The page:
We wanted to browse at some more shops but the pushiness of the traders put us off and we escaped as fast as we could. It’s a pity – because if they offered a reasonalbe price to begin with they would get more customers and make more money! Every trader who approached us after this began with – because you’re my first customer, I will give you a special price!
Earl decides to buy some braai meat and salads as he has a feeling that there might be a place to braai at The Waterberg. When I booked in I was told there was no self-catering at any of the Namibian Wildlife Reserve chalets.
When we check in, we find that we could have had one chalet instead of 2. The person who booked me in had not explained that I only needed one chalet for 4 people although she knew perfectly well I was booking for 4! There is a fridge and kettle in the chalet but it is not equipped with any other catering utensils. There is, however, a braai! I have my own catering equipment so we are delighted to be able to have a home cooked meal for a change. The cottages are clean and comfortable and banded mongoose are there to welcome us.
After snacking on last night’s leftovers from Joe’s Beer House we go for a 4 hour game drive on the plateaux. It is fun and we see giraffe, sable, buffalo, springbok, impala, eland and kudu. We hope to see the rhino but no luck in this respect!
It is warm travelling up to the plateau but the sun is etting on our return and so the chill sets in. Luckily we have our warm jackets and rugs with us. There are also rugs available on the vehicle.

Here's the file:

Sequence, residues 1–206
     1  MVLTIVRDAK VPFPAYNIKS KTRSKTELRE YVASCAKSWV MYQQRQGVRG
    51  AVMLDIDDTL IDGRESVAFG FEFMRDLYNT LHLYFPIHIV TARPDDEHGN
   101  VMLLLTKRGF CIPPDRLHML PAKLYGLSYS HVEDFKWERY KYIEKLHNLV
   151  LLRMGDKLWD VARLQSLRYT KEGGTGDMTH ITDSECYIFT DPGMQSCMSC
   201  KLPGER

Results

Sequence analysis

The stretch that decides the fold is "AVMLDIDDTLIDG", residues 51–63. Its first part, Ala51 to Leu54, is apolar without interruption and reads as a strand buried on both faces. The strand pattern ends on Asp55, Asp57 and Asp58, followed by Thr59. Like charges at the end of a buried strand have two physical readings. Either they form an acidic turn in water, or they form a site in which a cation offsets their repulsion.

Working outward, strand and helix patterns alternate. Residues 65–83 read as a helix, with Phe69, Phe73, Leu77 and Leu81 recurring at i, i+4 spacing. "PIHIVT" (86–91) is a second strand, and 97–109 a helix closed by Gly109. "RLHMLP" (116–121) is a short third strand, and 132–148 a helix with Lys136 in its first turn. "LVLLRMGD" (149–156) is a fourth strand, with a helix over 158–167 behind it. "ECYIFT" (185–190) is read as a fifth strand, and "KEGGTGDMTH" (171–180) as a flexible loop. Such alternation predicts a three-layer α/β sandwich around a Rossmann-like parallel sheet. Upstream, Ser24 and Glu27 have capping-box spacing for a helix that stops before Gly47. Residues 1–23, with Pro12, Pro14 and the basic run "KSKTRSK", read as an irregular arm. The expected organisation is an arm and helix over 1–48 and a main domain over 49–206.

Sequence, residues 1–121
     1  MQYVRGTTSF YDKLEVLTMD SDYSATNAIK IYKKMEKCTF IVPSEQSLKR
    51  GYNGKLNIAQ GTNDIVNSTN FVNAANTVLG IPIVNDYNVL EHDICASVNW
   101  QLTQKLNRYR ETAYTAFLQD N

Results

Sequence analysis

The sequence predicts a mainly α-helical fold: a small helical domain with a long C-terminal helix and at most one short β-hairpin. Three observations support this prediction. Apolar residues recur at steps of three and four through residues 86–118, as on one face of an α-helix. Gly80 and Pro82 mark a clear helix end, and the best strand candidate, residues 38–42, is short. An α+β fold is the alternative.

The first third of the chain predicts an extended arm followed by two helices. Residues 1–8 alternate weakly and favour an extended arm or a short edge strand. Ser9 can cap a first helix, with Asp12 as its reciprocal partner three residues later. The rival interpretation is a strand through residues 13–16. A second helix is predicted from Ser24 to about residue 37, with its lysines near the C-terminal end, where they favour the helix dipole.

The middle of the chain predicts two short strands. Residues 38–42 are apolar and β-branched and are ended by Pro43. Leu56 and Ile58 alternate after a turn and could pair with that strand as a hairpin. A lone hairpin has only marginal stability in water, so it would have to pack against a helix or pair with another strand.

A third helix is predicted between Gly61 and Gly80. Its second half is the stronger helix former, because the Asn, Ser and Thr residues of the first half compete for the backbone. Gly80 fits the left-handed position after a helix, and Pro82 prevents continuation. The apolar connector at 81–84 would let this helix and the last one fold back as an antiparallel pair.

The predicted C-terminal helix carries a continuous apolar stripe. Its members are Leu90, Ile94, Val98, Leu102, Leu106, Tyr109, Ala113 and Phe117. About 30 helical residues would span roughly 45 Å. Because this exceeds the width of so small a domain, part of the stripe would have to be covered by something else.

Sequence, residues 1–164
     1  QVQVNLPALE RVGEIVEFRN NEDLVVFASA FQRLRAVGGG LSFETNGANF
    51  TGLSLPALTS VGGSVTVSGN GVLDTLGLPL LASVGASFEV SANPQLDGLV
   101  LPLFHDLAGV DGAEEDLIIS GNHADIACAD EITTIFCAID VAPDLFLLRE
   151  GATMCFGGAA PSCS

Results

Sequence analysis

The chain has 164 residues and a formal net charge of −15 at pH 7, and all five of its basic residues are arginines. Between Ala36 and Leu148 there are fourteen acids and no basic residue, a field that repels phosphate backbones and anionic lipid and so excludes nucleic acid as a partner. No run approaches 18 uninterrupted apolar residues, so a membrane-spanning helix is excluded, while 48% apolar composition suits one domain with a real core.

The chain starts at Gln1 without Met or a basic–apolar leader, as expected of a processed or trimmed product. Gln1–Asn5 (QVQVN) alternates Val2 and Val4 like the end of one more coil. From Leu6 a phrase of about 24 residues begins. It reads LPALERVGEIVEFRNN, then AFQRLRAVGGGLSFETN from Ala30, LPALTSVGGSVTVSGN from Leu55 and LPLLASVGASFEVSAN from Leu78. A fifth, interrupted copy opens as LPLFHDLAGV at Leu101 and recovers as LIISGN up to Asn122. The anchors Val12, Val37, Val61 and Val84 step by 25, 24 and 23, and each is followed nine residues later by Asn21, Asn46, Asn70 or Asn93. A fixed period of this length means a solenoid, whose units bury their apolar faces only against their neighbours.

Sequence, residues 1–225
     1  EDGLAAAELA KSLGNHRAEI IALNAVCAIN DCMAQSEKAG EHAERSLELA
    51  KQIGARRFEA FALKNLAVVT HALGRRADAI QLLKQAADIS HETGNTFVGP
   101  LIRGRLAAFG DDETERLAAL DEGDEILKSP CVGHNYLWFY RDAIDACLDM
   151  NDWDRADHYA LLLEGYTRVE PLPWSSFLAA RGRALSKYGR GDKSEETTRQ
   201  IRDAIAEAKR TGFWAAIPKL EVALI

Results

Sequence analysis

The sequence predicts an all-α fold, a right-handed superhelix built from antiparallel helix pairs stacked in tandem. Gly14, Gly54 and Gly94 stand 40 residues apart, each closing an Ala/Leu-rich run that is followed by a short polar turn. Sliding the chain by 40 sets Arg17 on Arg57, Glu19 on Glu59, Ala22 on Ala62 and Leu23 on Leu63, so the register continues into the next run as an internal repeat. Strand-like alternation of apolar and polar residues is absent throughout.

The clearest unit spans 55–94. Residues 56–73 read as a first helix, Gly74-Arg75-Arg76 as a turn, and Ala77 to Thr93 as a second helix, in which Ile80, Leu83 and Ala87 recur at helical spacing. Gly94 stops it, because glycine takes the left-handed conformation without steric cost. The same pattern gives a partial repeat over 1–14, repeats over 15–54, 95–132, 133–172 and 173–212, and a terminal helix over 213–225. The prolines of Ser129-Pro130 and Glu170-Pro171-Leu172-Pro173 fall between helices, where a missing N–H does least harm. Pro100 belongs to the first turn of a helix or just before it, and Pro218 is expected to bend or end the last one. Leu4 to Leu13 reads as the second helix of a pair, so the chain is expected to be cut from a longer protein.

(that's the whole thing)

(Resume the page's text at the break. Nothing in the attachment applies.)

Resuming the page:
We have a lovely braai for supper and turn in early so as to be ready to leave for Etosha tomorrow.
Sunday 7 June 2015 Sossusvlei to Windhoek
We are up and ready to for breakfast at 6:30 sharp, enjoy a leisurely breakfast, take photos of a hot air balloon over the mountains, check out and set off for Windhoek.
The highlight is travelling over the Spreetshoogte Pass. Meaning: Spreeth’s Peak Pass. It connects the Namib Dessert with the Khomas Highland by traversing the Great Escarpment and is the steepest pass in Namibia.
The pass was erected during World War II by farmer Nicolaas Spreeth, after whom it is named. He owned the farm Ubib just at the foot of the escarpment. Whenever goods were delivered to his farm they would be dropped at a bus stop at farm Namibgrens (English: Namib border) on top of the mountain. To gather them the choice was to either travel via Remhoogte Pass approximately 30 kilometres (19 mi) southwards, or to trek uphill along existing Zebra paths.
Spreeth decided to do the latter, fortifying the path with quartzite rocks whenever he undertook the journey. Soon the bright white rocks formed a line that could be spotted from a distance. Spreeth even catered for motor vehicles (not very strong at that time), placing long, flat patches of road ahead of every steep ascent. He built the pass literally with his own hands. To flatten obstacles he used dynamite.
Our hostess is not home when we arrive at Anjo Villa Guest House so we duck to the local supermarket café and have a coffee before checking in.
What a charming place it is. After unpacking we sit under the trees and have a glass of wine and a chat, download emails using the free wi-fi and at 4:30 make our way into Windhoek. As advised by Anthea we pop into Joe’s Beerhouse for a drink but are so fascinated by the place we decide to stay for dinner. It is a series of outdoor enclosures and spaces filled with all sorts of memorabilia and relics of the past and present. Basically it’s junk made to look interesting. Possibly each piece has a history and a story behind it. We wander about enjoying the exhibition and then sit at a table next to a roaring fire in the middle of the boma where we eat. Wendy and I enjoy Kessler and sauerkraut, Earl has lamb shank and Erich eisbein. They both have to get doggy bags as the portions are so huge.